Swaddled babies in the nursery lost more weight despite consuming more formula. Possible reasons for this that the researchers suggested include:

* Severely limiting baby’s movements is stressful, which burns more calories. - Anyone suggests to swaddle them like on a mental ward?
* Swaddled babies receive less touch, which can compromise growth in preterm babies. - Ah! So the study was done on preterm babies? Well, THAT is a whole different cattle of fish


SIDS rarely occurs in infants in the first couple of days in the hospital, so how did the research linked being swaddled in the hospital (where I presume the measurements of temperature, milk consumption etc. were done) and what happened after babies when home?

I waddled both kids. First until he was 6 months but only because he really did wake himself up and couldn't fall asleep) second - may be for a week or two - he was a star-fish baby, loved to sleep with legs and arms wide spread. I'd say- follow your child and not the book:-)

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23 Comments

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Katherine - posted on 06/12/2012

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LOL, this thread is so old. But I'm so glad to see people posting in this community!

Kristina - posted on 06/12/2012

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Not sure I agree with this. Both of my boys loved to be swaddled. I have a 3 month old that I still swaddle. He could be screaming bloody murder and the second hes swaddled he stops crying. Secondly its normall for infants to loose 20% of their body weight a few days after being born. My son was swaddled within the first 2 hpurs and was in the nursery and he didnt loose weight. When we left the hospital the pediatrician was suprised to see my son had gained 3oz instead of loosing weight like most babies do. I can see if infants were swaddled andd laid on their stomachs that it could increase SIDS. But I dont see how they could suffocate if they are swaddled and laid on their backs because it decreases movement. Thus making it less likely for them to die from SIDS. Also the fact that some cultures children have hip displaysia from being carried on their parents backs is due to the fact that they arent in the sling right. Their is a right way and a wrong way for it. They even warn you about it when you buy certain baby wraps.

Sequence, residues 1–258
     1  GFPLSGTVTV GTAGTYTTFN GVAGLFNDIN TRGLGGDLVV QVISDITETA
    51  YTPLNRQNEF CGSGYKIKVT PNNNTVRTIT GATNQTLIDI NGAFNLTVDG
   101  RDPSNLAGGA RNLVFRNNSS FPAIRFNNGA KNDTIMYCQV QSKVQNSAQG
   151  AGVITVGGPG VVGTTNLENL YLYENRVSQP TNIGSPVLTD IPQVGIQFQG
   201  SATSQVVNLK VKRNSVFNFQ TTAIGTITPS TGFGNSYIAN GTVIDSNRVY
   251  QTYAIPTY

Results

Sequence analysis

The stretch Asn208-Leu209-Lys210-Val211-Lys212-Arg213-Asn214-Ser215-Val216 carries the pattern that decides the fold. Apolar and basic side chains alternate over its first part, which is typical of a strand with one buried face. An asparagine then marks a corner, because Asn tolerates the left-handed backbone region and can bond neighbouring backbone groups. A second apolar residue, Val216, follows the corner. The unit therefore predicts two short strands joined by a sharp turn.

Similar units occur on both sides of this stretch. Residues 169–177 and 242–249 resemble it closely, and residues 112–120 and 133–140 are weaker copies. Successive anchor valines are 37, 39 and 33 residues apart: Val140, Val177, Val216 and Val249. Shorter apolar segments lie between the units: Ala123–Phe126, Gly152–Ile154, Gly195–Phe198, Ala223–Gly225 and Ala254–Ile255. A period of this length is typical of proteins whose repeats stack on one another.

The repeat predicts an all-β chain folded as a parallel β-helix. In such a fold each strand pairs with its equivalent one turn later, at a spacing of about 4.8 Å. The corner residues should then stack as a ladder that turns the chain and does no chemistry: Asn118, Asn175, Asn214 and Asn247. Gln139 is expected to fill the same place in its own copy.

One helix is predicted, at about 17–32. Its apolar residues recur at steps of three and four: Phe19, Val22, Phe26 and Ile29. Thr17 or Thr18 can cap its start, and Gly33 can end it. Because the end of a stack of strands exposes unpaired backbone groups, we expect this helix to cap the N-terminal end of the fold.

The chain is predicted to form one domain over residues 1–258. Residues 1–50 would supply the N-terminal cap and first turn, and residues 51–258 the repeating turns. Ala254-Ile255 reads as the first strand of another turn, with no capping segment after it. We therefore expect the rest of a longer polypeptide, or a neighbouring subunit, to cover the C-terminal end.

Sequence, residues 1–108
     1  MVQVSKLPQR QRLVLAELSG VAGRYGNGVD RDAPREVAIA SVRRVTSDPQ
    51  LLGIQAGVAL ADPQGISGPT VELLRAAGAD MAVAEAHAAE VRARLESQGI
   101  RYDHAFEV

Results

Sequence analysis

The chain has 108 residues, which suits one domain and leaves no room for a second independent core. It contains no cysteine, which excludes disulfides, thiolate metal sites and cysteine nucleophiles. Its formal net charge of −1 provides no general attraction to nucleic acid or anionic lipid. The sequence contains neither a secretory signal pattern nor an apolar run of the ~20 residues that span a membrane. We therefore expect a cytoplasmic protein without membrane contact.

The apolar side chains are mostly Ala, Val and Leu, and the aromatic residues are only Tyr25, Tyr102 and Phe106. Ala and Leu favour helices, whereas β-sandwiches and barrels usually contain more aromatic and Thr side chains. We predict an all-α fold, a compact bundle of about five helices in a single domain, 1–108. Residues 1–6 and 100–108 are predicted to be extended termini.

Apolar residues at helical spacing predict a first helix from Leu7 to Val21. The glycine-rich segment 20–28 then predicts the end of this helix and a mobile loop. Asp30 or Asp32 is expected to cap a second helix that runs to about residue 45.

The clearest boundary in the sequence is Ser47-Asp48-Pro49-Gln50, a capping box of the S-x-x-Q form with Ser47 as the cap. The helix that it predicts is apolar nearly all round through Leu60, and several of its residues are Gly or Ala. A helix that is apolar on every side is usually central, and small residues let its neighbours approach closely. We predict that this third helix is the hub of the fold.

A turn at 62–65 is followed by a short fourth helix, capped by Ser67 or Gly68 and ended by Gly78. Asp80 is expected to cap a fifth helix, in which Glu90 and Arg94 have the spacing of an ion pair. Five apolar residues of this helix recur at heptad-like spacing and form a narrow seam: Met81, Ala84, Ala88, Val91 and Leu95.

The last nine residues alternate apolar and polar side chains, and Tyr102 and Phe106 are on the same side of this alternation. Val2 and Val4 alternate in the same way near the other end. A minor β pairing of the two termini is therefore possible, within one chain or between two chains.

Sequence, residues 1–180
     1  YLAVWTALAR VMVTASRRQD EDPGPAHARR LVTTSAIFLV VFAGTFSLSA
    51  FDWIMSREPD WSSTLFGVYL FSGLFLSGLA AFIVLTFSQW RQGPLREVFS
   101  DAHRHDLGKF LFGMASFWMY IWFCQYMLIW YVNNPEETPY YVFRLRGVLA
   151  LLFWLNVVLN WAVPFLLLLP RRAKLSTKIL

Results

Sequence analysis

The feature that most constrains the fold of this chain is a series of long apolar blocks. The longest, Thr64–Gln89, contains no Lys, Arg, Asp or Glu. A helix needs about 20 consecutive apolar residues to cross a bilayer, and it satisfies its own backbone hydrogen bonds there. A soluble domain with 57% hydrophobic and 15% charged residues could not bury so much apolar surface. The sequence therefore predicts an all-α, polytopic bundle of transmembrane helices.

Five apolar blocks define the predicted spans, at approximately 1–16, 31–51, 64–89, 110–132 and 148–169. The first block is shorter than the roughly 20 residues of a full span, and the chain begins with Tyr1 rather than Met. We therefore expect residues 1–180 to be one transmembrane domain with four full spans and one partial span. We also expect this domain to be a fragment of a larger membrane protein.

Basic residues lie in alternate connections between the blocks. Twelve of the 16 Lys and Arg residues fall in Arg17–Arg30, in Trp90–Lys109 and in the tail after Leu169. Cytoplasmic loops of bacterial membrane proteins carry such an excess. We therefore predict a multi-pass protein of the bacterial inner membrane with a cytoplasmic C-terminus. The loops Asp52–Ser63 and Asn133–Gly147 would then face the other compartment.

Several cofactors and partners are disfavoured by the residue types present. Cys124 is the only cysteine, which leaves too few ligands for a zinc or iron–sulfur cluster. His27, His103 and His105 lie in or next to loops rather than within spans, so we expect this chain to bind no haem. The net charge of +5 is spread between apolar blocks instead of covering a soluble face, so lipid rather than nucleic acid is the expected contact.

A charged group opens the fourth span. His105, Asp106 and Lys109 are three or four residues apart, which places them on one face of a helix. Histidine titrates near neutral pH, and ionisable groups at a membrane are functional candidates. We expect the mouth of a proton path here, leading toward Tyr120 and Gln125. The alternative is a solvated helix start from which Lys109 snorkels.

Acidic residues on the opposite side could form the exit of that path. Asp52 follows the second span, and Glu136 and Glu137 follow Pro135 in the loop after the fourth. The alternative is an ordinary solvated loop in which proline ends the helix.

Katherine - posted on 05/31/2012

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Not at all. Are you in the group debating mums? You should be lol!

Anastasia - posted on 05/31/2012

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Hi Katherine
I hope my reply didn't come across too harsh, wasn't meant to!

Katherine - posted on 05/31/2012

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I swaddled too Anastasia. My daughters liked it. Not sure I totally agree with this article.

Cyndel - posted on 05/28/2012

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I've never swaddled, mostly because with my oldest he was so big I could't swaddle with the small blankets I had, and with my second I wore him so much that swaddling wasn't necessary. But no I won't be swaddling.

Julie - posted on 04/20/2012

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Swaddling is safe if done properly. The only time it is a danger if you swaddle your baby and lay them on their tummies because they can't roll themselves over. It's the laying them on their tummies that increases SIDS not swaddling.

Katelyn - posted on 04/19/2012

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My 2 month old daughter loves to be swaddled also, but now reading this, it scares me to do it anymore. I also use swaddlers instead of blankets, one of which was provided by the HOSPITAL! I have a friend that just lost a baby due to SIDS and i have not stopped thinking about it since. I am terrified and now another thing to add to it- swaddling. ugh. Well thank you for the information.

Stephanie - posted on 02/24/2012

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I use swaddlers instead of blankets to swaddle because it keeps my daughters lets loose but keeps her arms closed to her... My daughter loves being swaddled and she sleeps much better because she doesn't wake herself up as much but she still wakes up to eat. I keep her room nice and cool too so that she doesn't get overheated and the swaddlers that I use aren't really heavy so it keeps her confortable.. The swaddlers have velcro on them to keep it in place so that she can't pull it up over her face and it doesn't allow you to make it too tight!! I love my swaddlers and so does my daughter and I think if you use them instead of using blankets to swaddle it is much safter.